So Sunday rolls around, and I check that he's still sound and then start immediately into the haunches in. Then swapping from haunches in to shoulder in and back again. I keep going with that in trot until he's responsive (not reactive). He's gawking at the arena door to the left still, but in trot, it's not so bad and it's relatively easy to put him on task again with a forward thinking seat and leg, soft hands, and a slightly open left hand to keep him thinking about what's in the arena. I start the half pass, thinking about it more like haunches in on a diagonal (stand at the start of a half pass so you're looking down the diagonal the horse is going across- it's a haunches in!) than a sideways movement. When I think about it like this, I tend to get the haunches leading, but I can keep the throughness. Right now I have a haunches severely trailing problem, I'll take leading for now and then fix it later.
I pick up my canter both ways, and each direction ask for haunches in on the long wall. To the right, he's very willing to give me it (he likes traveling with his haunches right), to the left, we've started WWIII. Either haunches in or throughness, not both, then bam, there's the door and he's sucked back behind my leg and I'm trying to keep him from spinning while still asking for forward. Whip, spurs, doesn't matter. I end up screaming obscenities at him because that helps me relax and deal with him without being mean to him. Yes it's crude. Oh well. Eventually the haunches in left in canter gets a little better. I decide to keep tracking left and tackle that half pass first while he and I both still have energy. The first one we do (thinking about it as haunches in again) is ok, and I go from the wall to centerline in an unspectacular fashion, but it only disconnected a tiny bit. I go back around again to try again and he's evading me at the arena door again. I try the other diagonal and now he sucks back and gawks at arena door the entire time I'm asking for half pass, because now he's straight on to it. I ended up continuing to work on it until I get another semi good one. I had to use the whip to help keep the haunches moving. The right half pass is much much better, it was almost as fluid as the trot half pass right. We did two of those well, he got a good boy and a pat. I only worked for about 25 min or so.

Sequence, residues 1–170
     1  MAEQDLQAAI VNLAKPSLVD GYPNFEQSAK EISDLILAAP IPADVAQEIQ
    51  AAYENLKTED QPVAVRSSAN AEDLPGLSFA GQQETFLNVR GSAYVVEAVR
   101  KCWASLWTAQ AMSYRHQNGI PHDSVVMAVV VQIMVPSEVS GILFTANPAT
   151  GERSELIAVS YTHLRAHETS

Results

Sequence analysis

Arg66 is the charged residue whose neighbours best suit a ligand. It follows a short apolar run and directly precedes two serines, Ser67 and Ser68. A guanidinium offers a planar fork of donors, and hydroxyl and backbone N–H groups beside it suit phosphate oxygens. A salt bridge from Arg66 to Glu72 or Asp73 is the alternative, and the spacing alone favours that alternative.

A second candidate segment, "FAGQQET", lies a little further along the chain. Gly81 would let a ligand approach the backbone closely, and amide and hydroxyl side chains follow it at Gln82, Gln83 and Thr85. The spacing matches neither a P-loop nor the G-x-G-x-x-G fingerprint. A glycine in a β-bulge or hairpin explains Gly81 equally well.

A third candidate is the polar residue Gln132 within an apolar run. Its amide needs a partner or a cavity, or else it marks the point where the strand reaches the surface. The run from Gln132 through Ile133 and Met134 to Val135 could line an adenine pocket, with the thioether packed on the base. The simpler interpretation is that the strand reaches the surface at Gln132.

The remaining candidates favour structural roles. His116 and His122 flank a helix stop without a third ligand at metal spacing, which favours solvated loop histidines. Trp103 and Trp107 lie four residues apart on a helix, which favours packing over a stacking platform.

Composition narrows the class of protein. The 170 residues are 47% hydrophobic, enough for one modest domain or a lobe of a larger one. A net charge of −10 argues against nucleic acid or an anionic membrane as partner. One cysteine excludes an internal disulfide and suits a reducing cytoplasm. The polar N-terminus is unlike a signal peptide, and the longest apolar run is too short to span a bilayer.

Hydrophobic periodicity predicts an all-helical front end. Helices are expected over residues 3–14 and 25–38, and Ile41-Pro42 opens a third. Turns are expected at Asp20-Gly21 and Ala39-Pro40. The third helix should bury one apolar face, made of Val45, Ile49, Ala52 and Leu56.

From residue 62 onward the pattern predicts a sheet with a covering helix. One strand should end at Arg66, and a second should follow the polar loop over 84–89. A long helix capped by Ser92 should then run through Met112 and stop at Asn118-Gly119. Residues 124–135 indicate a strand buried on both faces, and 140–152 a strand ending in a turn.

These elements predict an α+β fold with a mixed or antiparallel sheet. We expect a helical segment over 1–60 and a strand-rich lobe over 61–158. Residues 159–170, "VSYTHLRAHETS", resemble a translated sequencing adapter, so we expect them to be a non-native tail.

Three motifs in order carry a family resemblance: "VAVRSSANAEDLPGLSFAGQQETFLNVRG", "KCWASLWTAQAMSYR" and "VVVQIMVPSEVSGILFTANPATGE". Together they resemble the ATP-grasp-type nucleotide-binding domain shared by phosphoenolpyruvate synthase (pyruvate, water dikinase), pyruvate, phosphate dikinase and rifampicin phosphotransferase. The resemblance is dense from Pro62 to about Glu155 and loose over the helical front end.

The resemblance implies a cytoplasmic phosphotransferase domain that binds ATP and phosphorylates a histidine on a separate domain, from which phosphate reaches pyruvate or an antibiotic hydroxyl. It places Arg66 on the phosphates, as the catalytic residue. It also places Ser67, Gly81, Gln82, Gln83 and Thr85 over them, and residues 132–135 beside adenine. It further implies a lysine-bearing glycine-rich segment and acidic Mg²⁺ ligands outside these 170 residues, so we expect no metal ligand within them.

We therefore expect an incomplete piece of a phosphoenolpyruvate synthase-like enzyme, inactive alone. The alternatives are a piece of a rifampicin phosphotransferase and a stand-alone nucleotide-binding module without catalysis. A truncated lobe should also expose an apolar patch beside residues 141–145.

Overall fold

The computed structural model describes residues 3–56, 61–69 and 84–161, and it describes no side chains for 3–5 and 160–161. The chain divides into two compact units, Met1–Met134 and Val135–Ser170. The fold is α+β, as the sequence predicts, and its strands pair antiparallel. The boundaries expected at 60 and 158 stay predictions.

Tonight I aim to repeat Sunday's ride (hopefully without the gawking).
I wrapped Mikey's foot on Sunday and asked husband to do the duct tape because I can't ever get it to stay properly. The sole of the wrap ends up shredding. Well he taped it, and showed me what he did, and when I came back 28 hours later it was still intact, even after being outside in the mud Monday!
|All hail the duct tape skills of my husband.